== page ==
kevingamer7 months ago

bro can u get me the pcb for connector that showed in finger pic

Hi guy, I have one LCD for Nokia 1208b, I want use with the Arduino. This is the datasheet:

But, i dont know the numbering pins on the connector. Do you can help me? Thanks

designermx22 years ago
Hi, i'm using a arduino mega and can't use this. The pins that was used on arduino was pwm 5-6-7-8 (data ,clock, chip select, reset). It 's right?
CalcProgrammer1 (author)  designermx22 years ago
Can't tell you, like I said, this was not done with Arduino. This was done with AVR C and some ASM, you'll have to figure out the pin mappings based on the PORT pin names, then figure out the corresponding Arduino Mega pin number (as they don't directly correlate). The Mega also uses a different AVR part, though as long as the pin/port numbers match (or you change them as needed) you should be able to use it.
designermx22 years ago
Please, show the pins that was connected on arduino, the library used and a example code.

CalcProgrammer1 (author)  designermx22 years ago
I didn't use Arduino for this, and the code is attached at the end of the Instructable. You could use the Arduino board but you need to know AVR C and have a compatible programmer (or use avrdude and upload it to the Arduino bootloader) then figure out the AVR to Arduino pin mapping yourself.
yaly2 years ago
I've got my 2600c/1680 lcd having miso, mosi, sck and cs spi not data clk spi pinout as yours , how can I use your code on it ? It has pretty much the same commands with minor exceptions for example: SLEEPOUT and BOOSTERON commands are combined into SLPOUT in mine, please someone help me!
yaly2 years ago
I've got a nokia 2600c/1680 lcd and I've got the pinout.It's a 128x160 color glcd.Can I use it with arduino? If yes can I have/know-where the library for it
beatmakers2 years ago
Woa this is sick. Great work man.
I have a similar LCD from a cellphone, except the connector has more pins. Here are some pictures of the connector and the LCD. I cannot find a breakout board for it and don't know the pins configuration.

Sorry for my bad English.

I have a similar proplem but I have three LCD from cell phones with ribon cables and one touch screen dell axim x5 PDA.
yash1232 years ago
hey where is the code for the 8051 uC
Nice job!!!
i wonder if my old 2760 nokia ( or works in this tutorial too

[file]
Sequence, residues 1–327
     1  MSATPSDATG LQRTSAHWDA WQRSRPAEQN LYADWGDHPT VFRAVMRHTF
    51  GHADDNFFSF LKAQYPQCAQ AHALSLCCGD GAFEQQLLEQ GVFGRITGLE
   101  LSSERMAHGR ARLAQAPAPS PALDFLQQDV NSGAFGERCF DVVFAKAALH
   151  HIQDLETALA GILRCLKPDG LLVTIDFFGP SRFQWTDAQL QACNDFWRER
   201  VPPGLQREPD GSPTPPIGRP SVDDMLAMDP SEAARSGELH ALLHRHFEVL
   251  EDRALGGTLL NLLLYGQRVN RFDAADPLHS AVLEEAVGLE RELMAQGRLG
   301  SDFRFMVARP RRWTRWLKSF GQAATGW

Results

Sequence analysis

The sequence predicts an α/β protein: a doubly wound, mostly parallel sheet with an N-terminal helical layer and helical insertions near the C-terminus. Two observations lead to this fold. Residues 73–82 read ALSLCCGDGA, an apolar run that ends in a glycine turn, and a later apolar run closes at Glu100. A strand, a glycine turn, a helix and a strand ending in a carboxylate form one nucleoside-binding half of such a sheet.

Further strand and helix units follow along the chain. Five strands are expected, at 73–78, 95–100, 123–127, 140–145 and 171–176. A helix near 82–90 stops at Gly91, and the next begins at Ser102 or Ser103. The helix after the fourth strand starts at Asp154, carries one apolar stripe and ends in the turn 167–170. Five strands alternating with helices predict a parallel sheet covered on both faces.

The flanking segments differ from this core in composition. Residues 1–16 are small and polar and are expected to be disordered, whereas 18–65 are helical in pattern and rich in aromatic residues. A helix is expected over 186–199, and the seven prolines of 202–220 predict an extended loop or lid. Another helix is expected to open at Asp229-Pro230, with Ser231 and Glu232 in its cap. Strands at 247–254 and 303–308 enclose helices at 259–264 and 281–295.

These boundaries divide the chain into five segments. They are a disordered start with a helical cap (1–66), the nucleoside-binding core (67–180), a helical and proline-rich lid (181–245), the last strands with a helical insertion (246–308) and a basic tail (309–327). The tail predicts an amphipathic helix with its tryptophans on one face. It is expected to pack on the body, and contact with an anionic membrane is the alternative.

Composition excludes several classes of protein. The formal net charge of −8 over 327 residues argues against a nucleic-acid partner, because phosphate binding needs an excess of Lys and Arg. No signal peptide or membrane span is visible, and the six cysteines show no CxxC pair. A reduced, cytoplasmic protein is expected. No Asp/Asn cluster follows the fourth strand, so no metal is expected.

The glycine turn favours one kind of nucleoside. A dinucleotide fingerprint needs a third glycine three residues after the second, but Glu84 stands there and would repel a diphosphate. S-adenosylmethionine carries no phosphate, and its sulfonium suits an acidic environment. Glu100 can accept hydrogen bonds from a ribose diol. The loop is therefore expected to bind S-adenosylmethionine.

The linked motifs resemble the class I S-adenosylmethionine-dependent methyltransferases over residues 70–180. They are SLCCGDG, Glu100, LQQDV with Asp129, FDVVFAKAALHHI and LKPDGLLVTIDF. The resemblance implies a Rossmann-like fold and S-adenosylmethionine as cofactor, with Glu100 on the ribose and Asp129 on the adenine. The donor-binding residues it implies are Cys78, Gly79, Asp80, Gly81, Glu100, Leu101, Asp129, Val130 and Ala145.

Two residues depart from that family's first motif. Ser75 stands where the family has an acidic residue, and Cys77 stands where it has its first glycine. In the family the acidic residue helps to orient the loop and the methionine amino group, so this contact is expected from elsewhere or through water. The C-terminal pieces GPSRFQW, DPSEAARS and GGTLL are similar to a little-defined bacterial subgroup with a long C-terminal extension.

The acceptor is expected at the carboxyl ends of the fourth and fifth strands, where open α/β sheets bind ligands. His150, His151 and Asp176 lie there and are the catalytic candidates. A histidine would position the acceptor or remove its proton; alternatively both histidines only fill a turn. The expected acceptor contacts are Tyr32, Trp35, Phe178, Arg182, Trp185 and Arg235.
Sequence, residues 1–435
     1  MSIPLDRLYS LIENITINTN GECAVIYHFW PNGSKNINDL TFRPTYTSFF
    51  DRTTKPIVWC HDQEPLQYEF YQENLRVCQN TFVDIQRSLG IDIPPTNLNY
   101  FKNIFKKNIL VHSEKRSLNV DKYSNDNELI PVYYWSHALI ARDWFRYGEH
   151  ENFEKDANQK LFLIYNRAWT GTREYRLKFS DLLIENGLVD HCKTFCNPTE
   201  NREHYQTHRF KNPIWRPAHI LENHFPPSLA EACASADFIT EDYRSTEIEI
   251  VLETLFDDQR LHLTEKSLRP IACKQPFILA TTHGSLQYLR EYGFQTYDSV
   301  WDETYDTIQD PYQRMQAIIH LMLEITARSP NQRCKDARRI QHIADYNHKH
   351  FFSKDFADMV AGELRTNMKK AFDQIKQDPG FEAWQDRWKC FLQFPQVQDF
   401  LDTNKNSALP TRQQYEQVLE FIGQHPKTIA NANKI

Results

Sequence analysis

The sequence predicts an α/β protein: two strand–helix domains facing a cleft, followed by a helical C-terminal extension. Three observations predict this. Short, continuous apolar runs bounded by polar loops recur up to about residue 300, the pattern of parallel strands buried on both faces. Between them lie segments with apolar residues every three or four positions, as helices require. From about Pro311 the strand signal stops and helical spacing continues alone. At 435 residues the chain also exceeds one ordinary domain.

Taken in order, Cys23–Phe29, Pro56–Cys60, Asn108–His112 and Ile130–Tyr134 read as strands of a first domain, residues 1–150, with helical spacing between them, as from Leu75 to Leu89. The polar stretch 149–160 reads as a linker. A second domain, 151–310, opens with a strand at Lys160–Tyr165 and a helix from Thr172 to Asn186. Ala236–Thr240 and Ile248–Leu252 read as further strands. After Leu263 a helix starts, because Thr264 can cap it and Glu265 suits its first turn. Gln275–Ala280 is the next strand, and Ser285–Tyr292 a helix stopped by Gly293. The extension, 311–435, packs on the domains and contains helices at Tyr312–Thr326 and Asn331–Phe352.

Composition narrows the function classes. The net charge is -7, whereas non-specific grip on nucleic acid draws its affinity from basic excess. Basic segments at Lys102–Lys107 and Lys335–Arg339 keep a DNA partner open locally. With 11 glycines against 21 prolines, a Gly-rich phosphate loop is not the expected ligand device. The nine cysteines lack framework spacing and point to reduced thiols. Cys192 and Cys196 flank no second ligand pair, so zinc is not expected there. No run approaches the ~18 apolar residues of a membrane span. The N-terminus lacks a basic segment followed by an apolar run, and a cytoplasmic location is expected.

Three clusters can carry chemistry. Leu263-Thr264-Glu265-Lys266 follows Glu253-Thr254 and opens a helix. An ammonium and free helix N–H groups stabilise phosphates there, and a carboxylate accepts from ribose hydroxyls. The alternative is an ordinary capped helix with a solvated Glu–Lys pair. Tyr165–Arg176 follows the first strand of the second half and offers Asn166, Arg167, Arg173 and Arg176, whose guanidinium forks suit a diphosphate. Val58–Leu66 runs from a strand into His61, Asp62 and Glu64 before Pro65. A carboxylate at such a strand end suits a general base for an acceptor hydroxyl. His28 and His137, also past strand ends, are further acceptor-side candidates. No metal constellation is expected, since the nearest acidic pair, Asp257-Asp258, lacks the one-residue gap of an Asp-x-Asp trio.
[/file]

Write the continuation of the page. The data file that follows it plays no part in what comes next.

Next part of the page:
you know if works?

sorry my poor english!
dex38443 years ago
Was looking for a project just like this - thanks dude - great work :D
TABULLO3 years ago
NOOOOOOOOO!!!! I just got rid of the screens/parts i had laying around like a week ago, and i had kept them for years.
nb109 TABULLO3 years ago
That's ALWAYS how it works! It's similar to the "I can find it when I don't need it, but will flip the entire house upside down and still not find it when I actually DO need it" rule.
yeah... in our house there are thousands of pens but when you're talking on the phone... "omg, there is not any pens in the house?"
CalcProgrammer1 (author)  TABULLO3 years ago
For this reason, I still have stacks of old Pentium 1 era computers and parts, junk motherboards, hard drives, etc. I try to throw as little electronics out as possible, and I rip the boards out of stuff that I can't keep. Never throw away LCD's, because there's a good chance someone out there has figured out a way to use them, same with any sort of display (LED, OLED, text, 7seg, etc).
Nice. :o) I like your brain.
zack2473 years ago
hey i got a lcd form a sony ericson phone, would i be able to use that or maybe the lcd from a digital camera for omething like this?
CalcProgrammer1 (author)  zack2473 years ago
Depends, you need to figure out what interface the display uses. The Nokia displays are nice because the protocol is well documented and dead simple, others may not be so easy. If it has a low pin count (the Nokia has 10 pins) then it probably uses a serial protocol (I2C, SPI, UART, etc), otherwise it likely has a parallel interface and you will need a lot of pins on your microcontroller. Best thing would be to find the datasheet as it will have the protocol, pinout, and other necessary information.

If you absolutely can't find any info, the last resort would be to plug a scope or logic analyzer while it is connected to the phone and see how the phone's board communicates with it, chances are you'll be able to at least determine the type of protocol this way but it won't be easy to sniff all the commands.
well i havent got the rest of the phone, and it has a lot of pins, (at least 20, on a similar connector style as your lcd used) i would count them to a more precise number but its 3:27am and a bit too late to be counting such small things.

it must have a parallel interface then, because there is a LOT of pins.